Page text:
On 21 October 2015 people all over the world got together to celebrate the arrival of two time-travellers from the year 1985 – this was the day when Marty McFly and Doc Brown arrived in 2015 in the film “Back to the Future II”. As with Orwell’s “1984” and Kubrick’s “2001: A Space Odyssey” it was another instance of yesterday’s future turning into the past before the very eyes. In not just a few cases those eyes were doubtlessly glazed over with nostalgia, nostalgia for the time when their owners, then in their teens and twenties, first saw the film.
Ironically, “Back to the Future II” foreshadowed this very development. After his arrival in 2015, Marty visited a 1980s-style retro café and looked through the shop window of an antiques store, selling such 1980s artefacts as lava lamps, videotapes and a Macintosh 128K. The two scenes neatly linked the film to its prequel, in which Marty travelled from 1985 to 1955. This was no coincidence – the 1950s occupied a central position in the nostalgic imagination of the time: Indeed, it was the revival of 1950s Rock’n’Roll in the early 1970s that first made nostalgia a household term. It therefore comes as no surprise that nostalgia for the 1950s features heavily in two new books on nostalgia in the United States.
“Back to the Fifties” by Michael Dwyer not only refers to “Back to the Future” in its title, it begins with an instructive close reading of the first film of the franchise, paralleling it with the rhetoric of Ronald Reagan (an avowed fan of the film, Reagan referred to it in his 1986 State of the Union address.). Commonly “Back to the Future” has been seen as an exemplar of what Dwyer calls “the ‘amnesiac’ model of nostalgia” (p. 22). Dwyer rejects this interpretation, arguing “that nostalgia must be understood not as a reduction or denial of history but as a fundamentally productive affective engagement that produces new historical meaning for the past as a way of reckoning with the historical present” (p. 22).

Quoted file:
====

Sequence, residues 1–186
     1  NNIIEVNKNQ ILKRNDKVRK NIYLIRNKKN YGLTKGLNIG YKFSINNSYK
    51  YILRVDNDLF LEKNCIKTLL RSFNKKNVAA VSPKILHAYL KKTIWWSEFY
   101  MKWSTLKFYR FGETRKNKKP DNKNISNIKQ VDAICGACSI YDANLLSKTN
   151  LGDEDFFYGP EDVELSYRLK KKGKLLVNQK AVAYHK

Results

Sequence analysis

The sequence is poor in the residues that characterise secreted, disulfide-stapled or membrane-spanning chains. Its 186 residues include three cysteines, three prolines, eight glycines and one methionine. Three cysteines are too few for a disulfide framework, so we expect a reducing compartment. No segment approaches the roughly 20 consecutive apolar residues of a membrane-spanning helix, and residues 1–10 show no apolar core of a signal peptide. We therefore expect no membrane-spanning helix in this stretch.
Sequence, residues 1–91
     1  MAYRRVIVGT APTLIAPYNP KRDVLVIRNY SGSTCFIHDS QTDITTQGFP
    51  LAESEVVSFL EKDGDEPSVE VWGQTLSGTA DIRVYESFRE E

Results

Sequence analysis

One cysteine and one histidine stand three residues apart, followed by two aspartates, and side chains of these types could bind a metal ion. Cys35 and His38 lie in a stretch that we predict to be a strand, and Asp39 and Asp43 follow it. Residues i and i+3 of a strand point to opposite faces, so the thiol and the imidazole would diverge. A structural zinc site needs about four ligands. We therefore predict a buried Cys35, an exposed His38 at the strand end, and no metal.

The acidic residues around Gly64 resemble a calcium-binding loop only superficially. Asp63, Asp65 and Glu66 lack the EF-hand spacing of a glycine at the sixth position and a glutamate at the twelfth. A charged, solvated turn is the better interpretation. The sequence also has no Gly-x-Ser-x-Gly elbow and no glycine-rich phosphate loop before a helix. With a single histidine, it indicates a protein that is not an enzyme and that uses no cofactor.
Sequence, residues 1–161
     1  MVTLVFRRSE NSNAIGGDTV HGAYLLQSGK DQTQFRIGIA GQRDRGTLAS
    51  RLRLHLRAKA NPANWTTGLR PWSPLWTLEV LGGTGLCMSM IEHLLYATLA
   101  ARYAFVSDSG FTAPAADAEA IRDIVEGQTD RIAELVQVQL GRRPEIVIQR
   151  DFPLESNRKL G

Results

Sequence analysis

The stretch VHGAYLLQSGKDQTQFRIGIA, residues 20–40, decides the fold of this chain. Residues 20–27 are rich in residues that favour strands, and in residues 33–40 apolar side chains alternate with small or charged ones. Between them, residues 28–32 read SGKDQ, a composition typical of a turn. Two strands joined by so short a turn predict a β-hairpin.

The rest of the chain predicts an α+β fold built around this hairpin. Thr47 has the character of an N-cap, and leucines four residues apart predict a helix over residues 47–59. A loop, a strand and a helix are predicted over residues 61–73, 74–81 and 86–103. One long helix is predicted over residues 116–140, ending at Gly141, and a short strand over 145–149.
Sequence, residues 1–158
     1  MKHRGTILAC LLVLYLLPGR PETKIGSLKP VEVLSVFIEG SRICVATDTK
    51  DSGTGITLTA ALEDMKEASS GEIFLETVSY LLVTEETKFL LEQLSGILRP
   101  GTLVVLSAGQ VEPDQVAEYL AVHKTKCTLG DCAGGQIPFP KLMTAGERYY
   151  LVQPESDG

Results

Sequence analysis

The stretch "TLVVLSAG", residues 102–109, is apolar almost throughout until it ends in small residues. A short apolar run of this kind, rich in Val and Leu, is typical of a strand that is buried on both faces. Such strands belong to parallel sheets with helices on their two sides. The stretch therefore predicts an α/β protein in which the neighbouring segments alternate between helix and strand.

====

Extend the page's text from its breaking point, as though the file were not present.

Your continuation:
Marty travelled back in time not to live in the past but to change it in order to correct the failures made manifest in his present. Reagan similarly rewrote history in his speeches, invoking the 1950s as a moral compass for the present while ignoring everything that would not fit into his picture of the period. In both instances the past was used to change the present with an eye to a better future. Neither “Back to the Future” nor Reagan, Dwyer argues, erased history. Rather, they fostered “nostalgic affect prompted by critical reflection on contemporary historical conditions” and promoted “selective versions of the past to suit their visions of the future” (p. 43). In short, their nostalgia was less about wallowing in the past than creating a future.
The second chapter deals with George Lucas’ 1973 film “American Graffiti” which, thanks mainly to the literary critic Fredric Jameson, is considered the progenitor and archetype of the “nostalgia film”. It is hard to see how anything new can be said about a film over which so much ink has been spilled but Dwyer does so with panache. He argues that the film, though romanticising the 1950s to some extent, treats nostalgia quite critically. “American Graffiti” “acknowledges the appeal and value of nostalgia, while simultaneously warning of the dangers of overindulgences in it” (p. 74). In the end, the film’s protagonist decides to leave his idyllic hometown – and thereby the 1950s.